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land is sold and further if the entries in the Revenue records show that the land in question is agricultural land, then, a presumption arises that the land is agricultural in character and unless that presumption is rebutted by evidence led by the Revenue, it must be held that the land was agricultural in character at the time when it was sold. The Division Bench of the Hon'ble Gujarat High Court further held that there was nothing on record to show that the presumption rose from the long u .....

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resumption could be rebutted. The Court further held that the Supreme Court had clearly pointed out that the burden to rebut the presumption would be on the Revenue. The Hon'ble Bombay High Court held that the ratio of the decision of the Supreme Court was that what is to be determined is the character of the land according to the purpose for which it was meant or set apart and can be used. It is, therefore, obvious that the assessee had abundantly proved that the subject land sold by them w .....

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not detract from its character as agricultural land on the relevant date of sale. 13.1.4 We may also refer to the case of Gopal C. Sharma v. CIT [1994] 209 ITR 946/72 Taxman 353(Bom), in which, the case of Smt. Sarifabibi Mohamed Ibrahim (supra) was referred to and relied, amongst other cases. In this case, the Division Bench of the Bombay High Court has stated that the profit motive of the assessee selling the land without anything more by itself can never be decisive for determination of the i .....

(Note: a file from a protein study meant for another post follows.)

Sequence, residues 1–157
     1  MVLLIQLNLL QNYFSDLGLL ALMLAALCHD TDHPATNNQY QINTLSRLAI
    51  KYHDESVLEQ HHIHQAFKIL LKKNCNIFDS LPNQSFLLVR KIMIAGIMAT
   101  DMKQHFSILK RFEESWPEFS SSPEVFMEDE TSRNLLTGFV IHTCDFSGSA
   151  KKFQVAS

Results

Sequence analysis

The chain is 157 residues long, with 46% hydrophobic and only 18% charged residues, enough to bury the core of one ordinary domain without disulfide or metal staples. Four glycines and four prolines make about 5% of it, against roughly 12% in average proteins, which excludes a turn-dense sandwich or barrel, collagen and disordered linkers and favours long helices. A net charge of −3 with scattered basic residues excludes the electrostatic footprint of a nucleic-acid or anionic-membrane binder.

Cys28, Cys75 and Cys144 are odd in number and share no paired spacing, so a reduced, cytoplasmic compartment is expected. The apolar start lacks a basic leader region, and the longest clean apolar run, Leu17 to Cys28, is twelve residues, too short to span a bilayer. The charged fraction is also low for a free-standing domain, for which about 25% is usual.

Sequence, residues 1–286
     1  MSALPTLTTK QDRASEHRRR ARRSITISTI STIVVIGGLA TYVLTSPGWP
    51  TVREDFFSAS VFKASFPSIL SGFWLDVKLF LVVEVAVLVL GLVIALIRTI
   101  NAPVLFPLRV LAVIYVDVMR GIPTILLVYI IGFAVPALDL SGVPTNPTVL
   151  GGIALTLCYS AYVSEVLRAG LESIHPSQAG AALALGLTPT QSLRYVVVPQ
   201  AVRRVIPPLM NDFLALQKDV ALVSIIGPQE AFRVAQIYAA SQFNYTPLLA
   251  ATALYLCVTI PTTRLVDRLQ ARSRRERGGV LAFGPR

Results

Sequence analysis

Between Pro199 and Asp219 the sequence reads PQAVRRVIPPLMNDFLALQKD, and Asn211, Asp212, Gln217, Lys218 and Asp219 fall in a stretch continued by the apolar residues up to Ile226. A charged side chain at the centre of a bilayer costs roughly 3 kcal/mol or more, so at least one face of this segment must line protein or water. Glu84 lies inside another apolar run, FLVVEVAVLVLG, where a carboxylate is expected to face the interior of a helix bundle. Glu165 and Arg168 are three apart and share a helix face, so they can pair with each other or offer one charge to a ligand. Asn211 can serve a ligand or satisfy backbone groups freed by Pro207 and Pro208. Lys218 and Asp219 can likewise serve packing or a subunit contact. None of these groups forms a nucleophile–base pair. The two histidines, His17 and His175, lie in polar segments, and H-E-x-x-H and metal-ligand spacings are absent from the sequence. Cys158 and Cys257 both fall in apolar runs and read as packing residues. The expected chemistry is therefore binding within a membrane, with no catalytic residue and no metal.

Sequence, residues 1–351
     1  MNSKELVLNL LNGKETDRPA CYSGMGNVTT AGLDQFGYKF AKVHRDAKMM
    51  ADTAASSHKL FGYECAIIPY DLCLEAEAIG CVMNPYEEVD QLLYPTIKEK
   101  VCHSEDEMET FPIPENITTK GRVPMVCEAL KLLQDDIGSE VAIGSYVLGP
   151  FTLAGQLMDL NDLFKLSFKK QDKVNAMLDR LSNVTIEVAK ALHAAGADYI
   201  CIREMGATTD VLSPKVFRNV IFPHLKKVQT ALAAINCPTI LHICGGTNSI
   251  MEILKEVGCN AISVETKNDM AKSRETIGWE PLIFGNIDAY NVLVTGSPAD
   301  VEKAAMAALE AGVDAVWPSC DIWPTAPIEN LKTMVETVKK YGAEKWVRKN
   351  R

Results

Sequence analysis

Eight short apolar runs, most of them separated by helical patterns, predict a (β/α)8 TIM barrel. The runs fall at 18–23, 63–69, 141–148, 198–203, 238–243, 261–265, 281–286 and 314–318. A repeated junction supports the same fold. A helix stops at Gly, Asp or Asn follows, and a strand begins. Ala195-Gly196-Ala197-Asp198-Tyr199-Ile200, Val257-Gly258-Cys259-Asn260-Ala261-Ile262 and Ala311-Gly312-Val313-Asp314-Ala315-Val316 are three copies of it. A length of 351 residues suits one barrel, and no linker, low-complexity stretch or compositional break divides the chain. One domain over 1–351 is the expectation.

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12and has observed and held as under : "8. It is well settled in the case of CIT v. Smt. Savita Rani (2004) 186 CTR (P&H) 240: (2004) 270 ITR 40(P&H), wherein it is held that the land being located in a commercial area or the land having been partially utilised for non-agricultural purposes or that the vendees had also purchased it for non-agricultural purposes, were totally irrelevant consideration for the purposes of application of s. 54B. 9. In the abovesaid case, the assessee an .....

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laim of the assessee holding that the land sold by the assessee was not agricultural land and this was upheld by the CIT(A). On further appeal, the Tribunal accepted the claim of the assessee holding that the transaction in question duly fulfilled the conditions specified for relief. On further appeal to the High Court, the Punjab & Haryana High Court found that the finding that the land had been used for agricultural purposes was based on cogent and relevant material. The Revenue record sup .....